If I had a choice I would transfer all that FRA does to ZNFU because that is the organisation which seems to be appropriate to cover the productive side of agriculture. The only thing that I would change is to have ZNFU focus more on commercial farmers then leave these other activities like FSP to relevant ministries to take care of small-farming communities' needs. By other ministries I mean local government (to take care of infrastrcture i.e. silos, feeder roads, power supply etc), community and social welfare ( to take care of acquisition and distribution of inputs as well as extension services). I am sure we know how effective farmer-community outreach by Ministry of Community Development and Social Wefare would be if implemented. For instance it would at least cut down on ghost beneficiaries (some of whom are prominent figures who just get agro inputs and sell them in neighbouring countries) since target communities would know who really belongs to that particular community.

    By attempting to address needs of commercial and small-scale farmers we would indirectly be stimulating industries that would manufacture farming equipment, spares for machinery, irrigation equpment, fertilisers etc( I know MrK does not like chemicals but they are essential) . And the net result may lead to job creation by the manufacturing industry. Not only will we stimulate job creation but also the knowledge economy where industry will be encouraged to undertake research and development in areas like machine tool technologies (to make tools, machines and spares for agro-machines etc), material science and engineering, and other new technologies.

    So that is why I have persitently been saying we should not think of job creation when we give farmers inputs because that just keeps them busy for some time and does not create jobs. In any case what benefit does government get from the-so-called jobs that have been created by this annual social activity? You will find that becauses the "Zambian agriculture" is rain-fed, the period between October to April is a spending period (on inputs that have been manaufactured in RSA or China),then the farmers get some money from sales of their produce from say May to July. After which they go broke and start writing you letters requesting for money for fataleza. Surely, are we creating jobs through such a cycle?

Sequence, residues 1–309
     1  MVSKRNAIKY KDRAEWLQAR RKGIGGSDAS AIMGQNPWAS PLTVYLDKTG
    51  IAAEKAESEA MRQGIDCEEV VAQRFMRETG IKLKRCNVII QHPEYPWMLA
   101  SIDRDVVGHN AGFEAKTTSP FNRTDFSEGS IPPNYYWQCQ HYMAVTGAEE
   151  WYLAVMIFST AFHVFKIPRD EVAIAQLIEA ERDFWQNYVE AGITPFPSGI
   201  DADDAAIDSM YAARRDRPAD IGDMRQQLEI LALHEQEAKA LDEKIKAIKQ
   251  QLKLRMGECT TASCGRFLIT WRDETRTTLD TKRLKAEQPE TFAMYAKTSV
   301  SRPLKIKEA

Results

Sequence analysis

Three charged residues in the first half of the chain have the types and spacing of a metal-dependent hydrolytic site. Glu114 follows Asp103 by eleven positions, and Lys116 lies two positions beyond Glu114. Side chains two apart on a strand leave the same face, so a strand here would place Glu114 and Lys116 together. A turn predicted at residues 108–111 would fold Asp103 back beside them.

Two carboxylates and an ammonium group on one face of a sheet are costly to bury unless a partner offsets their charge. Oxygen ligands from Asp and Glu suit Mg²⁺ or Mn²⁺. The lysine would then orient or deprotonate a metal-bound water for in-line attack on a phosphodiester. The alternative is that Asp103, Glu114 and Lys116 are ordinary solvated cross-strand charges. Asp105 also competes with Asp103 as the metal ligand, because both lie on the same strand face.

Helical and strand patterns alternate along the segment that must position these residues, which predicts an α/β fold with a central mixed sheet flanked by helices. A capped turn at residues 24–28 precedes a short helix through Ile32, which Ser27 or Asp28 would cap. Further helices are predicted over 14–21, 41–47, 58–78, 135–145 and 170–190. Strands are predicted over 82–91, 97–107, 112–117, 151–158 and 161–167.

It is industry that is supporting agriculture which does that, hence the one that needs a lot of attention. Just take an example of an industry which would support agriculture like Nitrogen Chemicals of Zambia. When NCZ was fully operational it created a lot of jobs, some indirectly by attracting other job creators ranging from service providers like lodges, clinics, schools, banks etc to spare part suppliers for its machines. These industries will be a support to NCZ but NCZ is turn a support industry to agriculture. It is a cascading effect we need to consider rigorously.

    But because someone knows that if NCZ becomes fully operational they will be affected somehow since they will not be involved in the "inflated" import of fertiliser; and that if we support local manufacturing of equipment they will no more benefit from inflated imports of agro-equipment and sacs from RSA and China since FRA will be getting these from local manufacturers; they would rather maintain the status quo - pretending to have the interest of masses at heart yet chewing peoples' money through FRA.

    So. That it is why they control the agriculture market the way you have rightly made reference to

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  4. Anonymous,

    So that is why I have persitently been saying we should not think of job creation when we give farmers inputs because that just keeps them busy for some time and does not create jobs.

    That depends on how much land they farm, if they hire labourers, tractor drivers, etc. It is a matter of scale.

    We should distinguish between agrobusinesses, medium sized farms (100 hectares, which is also the average size of a farm around the EU) and subsistence farmers (usually the 2-3 hectares that can be worked by hand).

    They're all farmers, but they are all doing something very different.

    In any case what benefit does government get from the-so-called jobs that have been created by this annual social activity?

    Unless I'm getting you wrong, farming is not an annual social activity.

    What would it benefit the government? Lower food prices, increase in tax revenues, reduced probability of social unrest.

    You will find that becauses the "Zambian agriculture" is rain-fed,

    Which it doesn't have to be. It is only rainfed, because no one has created the earthworks which would catch and store rainwater (and by the way prevent the highly destructive annual floods), making it available throughout the year and doubling the number of potential harvests.